💡Plus, you could track your wandering puppy’s every step in real-time with a dog GPS tracker – and find them safe and sound, just in time.

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Is littermate syndrome common?

Yes, littermate syndrome can be quite common – especially if you’re raising a pair of similar-age puppies together. But since it’s not an official diagnosis, it’s not a guarantee you’ll come across it even if you’re raising two puppy siblings together.

  • If your little buddies don’t get enough time apart, it could lead to them not properly socializing with other people and pets.
  • And the great news is, it’s 100% possible to avoid littermate syndrome with a little hard work, training, and consistency.
two back and white husky puppies playing with each other against a brick wall

What are the most common symptoms of littermate syndrome?

When your raise two puppies together beyond three months (or 12 weeks) of age, they can become overly dependent on each other.

  • These pups can become so deeply bonded that they live in their own little sphere of safety, separated from the outside world.
  • The attention they give each other is so intense that they can fail to live independently or interact appropriately with other dogs or people.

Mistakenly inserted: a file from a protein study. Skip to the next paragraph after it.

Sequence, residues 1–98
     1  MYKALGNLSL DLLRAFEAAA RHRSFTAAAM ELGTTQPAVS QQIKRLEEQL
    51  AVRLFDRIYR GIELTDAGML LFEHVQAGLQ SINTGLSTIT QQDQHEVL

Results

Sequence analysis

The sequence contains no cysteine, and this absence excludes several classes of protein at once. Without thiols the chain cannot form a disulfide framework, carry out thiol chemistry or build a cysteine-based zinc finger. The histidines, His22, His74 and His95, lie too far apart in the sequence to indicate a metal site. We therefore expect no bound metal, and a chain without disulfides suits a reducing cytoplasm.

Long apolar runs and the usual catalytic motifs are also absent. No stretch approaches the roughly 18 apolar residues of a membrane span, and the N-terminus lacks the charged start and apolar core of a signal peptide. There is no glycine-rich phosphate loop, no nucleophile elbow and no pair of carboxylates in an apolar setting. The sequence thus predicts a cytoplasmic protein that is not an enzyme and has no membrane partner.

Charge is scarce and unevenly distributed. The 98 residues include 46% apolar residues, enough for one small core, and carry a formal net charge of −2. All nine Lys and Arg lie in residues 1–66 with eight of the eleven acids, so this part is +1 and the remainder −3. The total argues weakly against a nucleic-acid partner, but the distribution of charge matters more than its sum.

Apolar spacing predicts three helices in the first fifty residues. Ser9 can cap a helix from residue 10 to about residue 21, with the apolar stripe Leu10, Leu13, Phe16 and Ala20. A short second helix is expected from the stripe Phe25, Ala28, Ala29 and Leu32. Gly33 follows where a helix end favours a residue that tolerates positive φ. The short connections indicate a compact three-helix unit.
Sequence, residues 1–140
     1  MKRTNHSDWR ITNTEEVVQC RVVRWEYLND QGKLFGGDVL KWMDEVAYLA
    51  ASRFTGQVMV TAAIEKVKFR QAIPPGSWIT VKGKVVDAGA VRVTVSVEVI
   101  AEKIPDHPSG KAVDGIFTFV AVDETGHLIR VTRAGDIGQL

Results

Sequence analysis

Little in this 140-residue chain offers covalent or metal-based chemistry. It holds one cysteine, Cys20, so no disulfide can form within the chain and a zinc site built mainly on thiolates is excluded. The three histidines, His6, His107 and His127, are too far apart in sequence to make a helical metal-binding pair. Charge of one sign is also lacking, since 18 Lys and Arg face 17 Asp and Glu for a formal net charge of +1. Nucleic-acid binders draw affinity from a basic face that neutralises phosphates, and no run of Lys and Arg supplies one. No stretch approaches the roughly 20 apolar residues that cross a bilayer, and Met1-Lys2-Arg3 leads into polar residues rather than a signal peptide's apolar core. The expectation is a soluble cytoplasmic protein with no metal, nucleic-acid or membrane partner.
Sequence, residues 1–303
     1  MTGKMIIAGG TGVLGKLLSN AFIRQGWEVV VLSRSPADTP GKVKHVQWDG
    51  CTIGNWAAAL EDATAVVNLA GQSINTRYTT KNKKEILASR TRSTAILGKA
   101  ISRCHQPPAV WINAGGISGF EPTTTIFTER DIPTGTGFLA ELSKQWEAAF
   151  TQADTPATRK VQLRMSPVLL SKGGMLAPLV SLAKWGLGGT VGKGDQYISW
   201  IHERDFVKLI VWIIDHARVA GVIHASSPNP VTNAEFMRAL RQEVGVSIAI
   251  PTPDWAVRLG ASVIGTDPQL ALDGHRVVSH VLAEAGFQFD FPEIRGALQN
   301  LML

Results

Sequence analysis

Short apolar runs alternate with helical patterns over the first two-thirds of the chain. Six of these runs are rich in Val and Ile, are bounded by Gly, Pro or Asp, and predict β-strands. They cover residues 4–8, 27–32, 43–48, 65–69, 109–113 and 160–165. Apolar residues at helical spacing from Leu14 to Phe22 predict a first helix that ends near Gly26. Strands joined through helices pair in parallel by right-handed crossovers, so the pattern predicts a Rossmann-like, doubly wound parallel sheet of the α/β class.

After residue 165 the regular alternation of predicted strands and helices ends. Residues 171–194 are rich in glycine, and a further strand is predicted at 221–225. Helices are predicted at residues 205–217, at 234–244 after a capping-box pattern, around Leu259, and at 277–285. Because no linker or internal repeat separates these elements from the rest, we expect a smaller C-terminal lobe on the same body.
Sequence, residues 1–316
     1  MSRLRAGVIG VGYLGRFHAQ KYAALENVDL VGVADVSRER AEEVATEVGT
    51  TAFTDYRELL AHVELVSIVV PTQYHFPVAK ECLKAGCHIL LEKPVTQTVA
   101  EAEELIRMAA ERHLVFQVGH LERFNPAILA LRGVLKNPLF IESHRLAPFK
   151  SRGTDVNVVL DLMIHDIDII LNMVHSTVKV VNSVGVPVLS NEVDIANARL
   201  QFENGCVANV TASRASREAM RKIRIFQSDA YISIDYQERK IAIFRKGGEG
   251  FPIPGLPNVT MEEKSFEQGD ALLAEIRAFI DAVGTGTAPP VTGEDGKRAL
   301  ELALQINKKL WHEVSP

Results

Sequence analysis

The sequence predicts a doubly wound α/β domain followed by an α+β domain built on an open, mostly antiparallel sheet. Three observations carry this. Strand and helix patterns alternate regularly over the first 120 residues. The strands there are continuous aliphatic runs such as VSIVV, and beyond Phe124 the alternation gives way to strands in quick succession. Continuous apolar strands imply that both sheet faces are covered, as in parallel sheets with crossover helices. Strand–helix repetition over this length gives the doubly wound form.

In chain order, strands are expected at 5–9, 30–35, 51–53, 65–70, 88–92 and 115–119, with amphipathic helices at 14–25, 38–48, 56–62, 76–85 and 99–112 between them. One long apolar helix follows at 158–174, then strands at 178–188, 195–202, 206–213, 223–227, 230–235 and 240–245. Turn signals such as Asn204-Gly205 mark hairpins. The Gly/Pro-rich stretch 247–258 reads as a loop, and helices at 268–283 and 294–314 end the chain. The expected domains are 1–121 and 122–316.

Here are some of the most common symptoms of littermate syndrome:

Extreme co-dependence

When two pups experience littermate syndrome, they are so dependent on their sibling for security that they resist anything that takes them out of their comfort zone – meaning any new activity, person, dog, or location.

A Corgi and Terrier puppy playing together outdoors
A pair of puppies sitting in a field

“A pair of closely bonded puppies tend to be ‘in their own world’ and will likely look to one another for how to respond to new stimuli rather than looking to their owner. This gives them the opportunity to feed off of one another’s fear and anxiety, which can develop into unhealthy behaviors.”

– Harmony Diers, Veterinary Technician at the Texas A&M School of Veterinary Medicine and Biomedical Sciences.1

Separation anxiety

The result of this co-dependence can be separation anxiety that occurs whenever something causes the two puppies to be physically separated from each other.

  • The pups can be so overwhelmed by the separation that they could have a complete meltdown.
  • Something as simple as walking on separate leashes can be enough to trigger the pups’ anxiety.
An anxious puppy hiding in a grassy lawn

⚠️ Separation anxiety in dogs can manifest as destructive behaviors like peeing around your house, chewing inappropriate objects – or running away from home. Watch out for these signs if you’re looking to prevent an escape attempt.

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Track Your Runaway Dog

Poor social skills